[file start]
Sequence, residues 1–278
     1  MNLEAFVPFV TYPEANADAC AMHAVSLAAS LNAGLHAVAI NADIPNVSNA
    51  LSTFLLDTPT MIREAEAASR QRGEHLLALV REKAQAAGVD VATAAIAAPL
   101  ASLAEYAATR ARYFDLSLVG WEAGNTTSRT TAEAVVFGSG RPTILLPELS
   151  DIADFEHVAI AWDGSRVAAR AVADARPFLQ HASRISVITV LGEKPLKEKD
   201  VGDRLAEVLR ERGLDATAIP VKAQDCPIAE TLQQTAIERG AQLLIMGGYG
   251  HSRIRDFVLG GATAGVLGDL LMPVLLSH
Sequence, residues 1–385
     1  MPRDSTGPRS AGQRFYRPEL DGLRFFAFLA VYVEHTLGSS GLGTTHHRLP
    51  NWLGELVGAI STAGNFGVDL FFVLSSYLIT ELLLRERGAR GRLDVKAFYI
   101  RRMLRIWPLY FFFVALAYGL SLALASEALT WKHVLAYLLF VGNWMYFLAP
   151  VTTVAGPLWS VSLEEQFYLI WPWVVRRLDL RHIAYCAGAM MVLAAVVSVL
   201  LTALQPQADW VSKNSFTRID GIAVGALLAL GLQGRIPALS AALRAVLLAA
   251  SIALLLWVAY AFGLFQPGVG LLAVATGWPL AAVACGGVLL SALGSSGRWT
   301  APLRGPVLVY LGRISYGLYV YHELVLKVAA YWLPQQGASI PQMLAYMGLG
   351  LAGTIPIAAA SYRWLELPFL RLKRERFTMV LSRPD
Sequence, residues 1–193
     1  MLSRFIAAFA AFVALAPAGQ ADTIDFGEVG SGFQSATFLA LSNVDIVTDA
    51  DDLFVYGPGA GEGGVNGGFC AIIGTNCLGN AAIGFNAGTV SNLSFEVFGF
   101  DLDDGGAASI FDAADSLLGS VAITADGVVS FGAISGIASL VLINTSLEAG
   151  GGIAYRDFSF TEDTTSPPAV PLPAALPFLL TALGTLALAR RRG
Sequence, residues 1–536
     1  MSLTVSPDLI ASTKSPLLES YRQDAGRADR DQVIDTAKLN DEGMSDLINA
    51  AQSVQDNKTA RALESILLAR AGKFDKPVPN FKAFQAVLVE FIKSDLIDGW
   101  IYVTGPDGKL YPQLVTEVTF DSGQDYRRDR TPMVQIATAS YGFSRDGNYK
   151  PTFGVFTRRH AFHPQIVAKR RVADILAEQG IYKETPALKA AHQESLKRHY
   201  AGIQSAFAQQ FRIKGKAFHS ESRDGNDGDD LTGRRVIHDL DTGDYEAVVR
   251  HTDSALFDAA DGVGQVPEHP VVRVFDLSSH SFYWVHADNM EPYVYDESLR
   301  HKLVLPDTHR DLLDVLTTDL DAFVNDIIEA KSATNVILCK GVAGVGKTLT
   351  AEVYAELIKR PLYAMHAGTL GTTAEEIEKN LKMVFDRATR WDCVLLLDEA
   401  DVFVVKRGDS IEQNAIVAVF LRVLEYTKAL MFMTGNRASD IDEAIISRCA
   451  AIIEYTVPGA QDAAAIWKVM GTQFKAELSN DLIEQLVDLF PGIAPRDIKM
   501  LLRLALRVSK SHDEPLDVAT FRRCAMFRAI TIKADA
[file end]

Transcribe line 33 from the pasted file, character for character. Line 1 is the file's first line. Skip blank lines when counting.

   501  LLRLALRVSK SHDEPLDVAT FRRCAMFRAI TIKADA